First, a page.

Treating golfer’s elbow

Golfer’s elbow, or medial epicondylitis, is similar to tennis elbow except that it occurs on the inside, rather than the outside, of the elbow.

Golfer’s elbow, or medial epicondylitis, is similar to tennis elbow except that it occurs on the inside, rather than the outside, of the elbow.

Golfer’s elbow involves pain and inflammation on the inner side of the elbow, where the tendons of the forearm muscles attach to the bony bump on the inside of the elbow.

Symptoms include pain and tenderness on the inner side of the elbow (which may spread into the forearm and wrist), stiffness in the elbow, weakness in the hands and wrists, and numbness or tingling in one or more fingers (usually the ring and little fingers).

The pain may get worse when swinging a club or racket, squeezing or pitching a ball, shaking hands, turning a doorknob, flexing the wrist toward the forearm, or picking something up with the palm facing down.

Golfer’s elbow is caused by damage to the muscles and tendons that control the wrist and fingers. The damage is typically caused by excess or repetitive stress, particularly forceful wrist and finger motions, but it can also be caused by a sudden force or blow to the elbow or wrist.

Golfer’s elbow is not limited to golfers—many activities can lead to golfer’s elbow including racket sports, throwing sports, weight training, or any activity that uses repetitive wrist, hand or arm movement such as typing, painting, or hammering.

Rest is the best medicine for golfer’s elbow.

But golfer’s elbow that has not been allowed to heal properly or using the arm too strenuously before it has properly healed can lead to chronic elbow pain, a limited range of motion, or a lasting, fixed bend in the elbow.

Analyzing what motions are causing the problem can help you to change your habits to reduce stress on the elbow.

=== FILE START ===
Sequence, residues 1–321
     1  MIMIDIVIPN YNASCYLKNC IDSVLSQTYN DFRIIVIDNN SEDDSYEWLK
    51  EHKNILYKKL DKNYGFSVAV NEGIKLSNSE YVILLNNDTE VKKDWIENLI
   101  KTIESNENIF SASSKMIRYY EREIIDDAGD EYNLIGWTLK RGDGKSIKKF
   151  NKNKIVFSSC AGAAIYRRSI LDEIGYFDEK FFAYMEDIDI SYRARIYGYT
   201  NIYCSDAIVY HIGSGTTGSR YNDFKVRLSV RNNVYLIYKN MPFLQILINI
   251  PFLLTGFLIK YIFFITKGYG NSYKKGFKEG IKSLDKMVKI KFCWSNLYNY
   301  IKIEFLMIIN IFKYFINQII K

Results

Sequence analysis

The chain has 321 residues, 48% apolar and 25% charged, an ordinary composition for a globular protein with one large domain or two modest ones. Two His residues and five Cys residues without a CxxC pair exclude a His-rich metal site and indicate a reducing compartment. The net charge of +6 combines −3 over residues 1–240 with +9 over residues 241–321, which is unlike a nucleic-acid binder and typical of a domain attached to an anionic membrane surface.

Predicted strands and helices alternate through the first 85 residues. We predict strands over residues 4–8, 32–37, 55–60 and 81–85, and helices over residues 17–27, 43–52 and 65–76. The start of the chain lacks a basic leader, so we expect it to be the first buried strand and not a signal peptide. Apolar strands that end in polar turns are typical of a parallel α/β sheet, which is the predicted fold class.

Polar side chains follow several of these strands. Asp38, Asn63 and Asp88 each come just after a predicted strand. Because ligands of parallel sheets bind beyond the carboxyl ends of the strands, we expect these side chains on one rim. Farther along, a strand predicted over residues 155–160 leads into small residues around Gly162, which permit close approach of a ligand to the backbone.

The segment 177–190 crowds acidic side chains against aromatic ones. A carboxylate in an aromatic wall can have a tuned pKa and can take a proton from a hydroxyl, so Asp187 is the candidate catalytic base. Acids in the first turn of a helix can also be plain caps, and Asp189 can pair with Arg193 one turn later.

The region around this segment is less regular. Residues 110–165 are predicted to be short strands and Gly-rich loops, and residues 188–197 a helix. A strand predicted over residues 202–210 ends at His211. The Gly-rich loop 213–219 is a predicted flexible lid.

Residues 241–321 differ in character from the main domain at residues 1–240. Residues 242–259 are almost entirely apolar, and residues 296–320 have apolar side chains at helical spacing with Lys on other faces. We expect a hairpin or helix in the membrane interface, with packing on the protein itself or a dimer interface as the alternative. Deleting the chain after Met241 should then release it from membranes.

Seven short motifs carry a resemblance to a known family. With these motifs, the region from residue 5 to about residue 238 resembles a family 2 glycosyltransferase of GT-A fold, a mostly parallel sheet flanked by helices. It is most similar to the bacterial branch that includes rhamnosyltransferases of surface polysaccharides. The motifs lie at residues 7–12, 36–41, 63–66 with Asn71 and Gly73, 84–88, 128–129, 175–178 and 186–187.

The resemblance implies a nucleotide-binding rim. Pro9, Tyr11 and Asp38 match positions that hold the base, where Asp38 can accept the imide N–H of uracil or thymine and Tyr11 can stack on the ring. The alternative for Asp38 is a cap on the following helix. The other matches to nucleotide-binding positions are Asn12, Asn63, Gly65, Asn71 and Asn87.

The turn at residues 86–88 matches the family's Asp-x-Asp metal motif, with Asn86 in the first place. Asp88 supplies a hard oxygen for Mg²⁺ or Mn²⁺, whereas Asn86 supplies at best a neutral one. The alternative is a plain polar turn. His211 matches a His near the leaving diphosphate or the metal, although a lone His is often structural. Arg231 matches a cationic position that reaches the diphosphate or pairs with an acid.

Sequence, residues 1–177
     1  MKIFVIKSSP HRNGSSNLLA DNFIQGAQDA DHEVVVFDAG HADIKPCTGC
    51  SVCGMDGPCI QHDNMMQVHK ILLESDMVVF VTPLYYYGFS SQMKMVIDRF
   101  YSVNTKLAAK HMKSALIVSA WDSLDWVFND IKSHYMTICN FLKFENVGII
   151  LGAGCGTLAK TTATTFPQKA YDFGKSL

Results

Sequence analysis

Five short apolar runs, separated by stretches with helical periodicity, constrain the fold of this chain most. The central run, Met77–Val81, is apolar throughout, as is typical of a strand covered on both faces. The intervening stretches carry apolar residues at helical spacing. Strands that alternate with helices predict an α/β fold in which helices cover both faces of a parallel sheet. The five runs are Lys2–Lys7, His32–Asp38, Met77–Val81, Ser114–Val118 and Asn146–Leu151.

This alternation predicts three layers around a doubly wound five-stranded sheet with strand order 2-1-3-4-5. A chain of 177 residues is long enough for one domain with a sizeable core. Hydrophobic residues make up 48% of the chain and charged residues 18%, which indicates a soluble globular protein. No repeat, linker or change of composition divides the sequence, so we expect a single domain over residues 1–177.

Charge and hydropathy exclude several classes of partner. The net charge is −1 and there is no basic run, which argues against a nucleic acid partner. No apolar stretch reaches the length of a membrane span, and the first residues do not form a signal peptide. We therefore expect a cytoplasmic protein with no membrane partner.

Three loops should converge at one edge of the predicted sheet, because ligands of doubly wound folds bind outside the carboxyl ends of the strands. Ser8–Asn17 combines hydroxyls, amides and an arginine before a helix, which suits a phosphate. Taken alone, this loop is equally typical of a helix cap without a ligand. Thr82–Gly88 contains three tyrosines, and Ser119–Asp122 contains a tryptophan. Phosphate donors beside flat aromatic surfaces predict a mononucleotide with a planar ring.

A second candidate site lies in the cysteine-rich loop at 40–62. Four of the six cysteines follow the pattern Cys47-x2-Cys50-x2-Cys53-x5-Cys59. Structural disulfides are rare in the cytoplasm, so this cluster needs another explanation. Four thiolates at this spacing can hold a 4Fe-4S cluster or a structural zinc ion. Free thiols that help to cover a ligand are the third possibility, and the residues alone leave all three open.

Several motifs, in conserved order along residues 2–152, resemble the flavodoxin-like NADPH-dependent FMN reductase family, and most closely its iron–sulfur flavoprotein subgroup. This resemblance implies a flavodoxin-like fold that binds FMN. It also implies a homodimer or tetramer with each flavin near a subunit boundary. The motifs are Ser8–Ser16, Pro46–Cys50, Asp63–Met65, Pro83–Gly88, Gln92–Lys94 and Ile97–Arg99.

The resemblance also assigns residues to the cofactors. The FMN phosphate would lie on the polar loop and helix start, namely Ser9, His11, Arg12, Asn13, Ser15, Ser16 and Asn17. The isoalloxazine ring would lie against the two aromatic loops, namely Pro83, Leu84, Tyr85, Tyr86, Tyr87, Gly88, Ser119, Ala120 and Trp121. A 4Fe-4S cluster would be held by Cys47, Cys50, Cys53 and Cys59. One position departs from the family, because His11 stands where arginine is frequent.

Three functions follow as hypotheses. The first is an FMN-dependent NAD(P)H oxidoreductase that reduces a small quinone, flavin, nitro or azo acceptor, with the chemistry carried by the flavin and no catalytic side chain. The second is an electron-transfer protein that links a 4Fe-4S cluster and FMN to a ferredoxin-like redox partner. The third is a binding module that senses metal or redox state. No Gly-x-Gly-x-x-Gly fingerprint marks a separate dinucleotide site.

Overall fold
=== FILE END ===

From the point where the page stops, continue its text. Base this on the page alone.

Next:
Exercises to stretch and strengthen the muscles of the forearm can also help recovery and prevent re-injury.

With golfer’s elbow, and all types of musculo-skeletal injuries, pain is caused by stagnation of qi-energy and blood.

Acupuncture treatment focuses on removing the blockage and helping the energy and blood to flow again in order to remove pain and resolve the symptoms of an injury such as golfer’s elbow.

In addition, we look at what underlying factors have influenced the body’s health and weakened the elbow or made it vulnerable to injury. In Chinese medicine, almost every musculo-skeletal disorder also has some relevant underlying imbalance or contributing lifestyle factor, whether it be our occupation, the exercise or sports we choose, our nutrition and diet, or our genes. Understanding a person’s general health gives an acupuncturist insight into the internal imbalances that can further contribute to an injury.

In this way, acupuncture not only relieves symptoms of golfer’s elbow, but goes further to address the heart of the problem and promote proper healing.

James Kaufman is a registered acupuncturist at the Okanagan

Acupuncture Centre, 1625 Ellis St.


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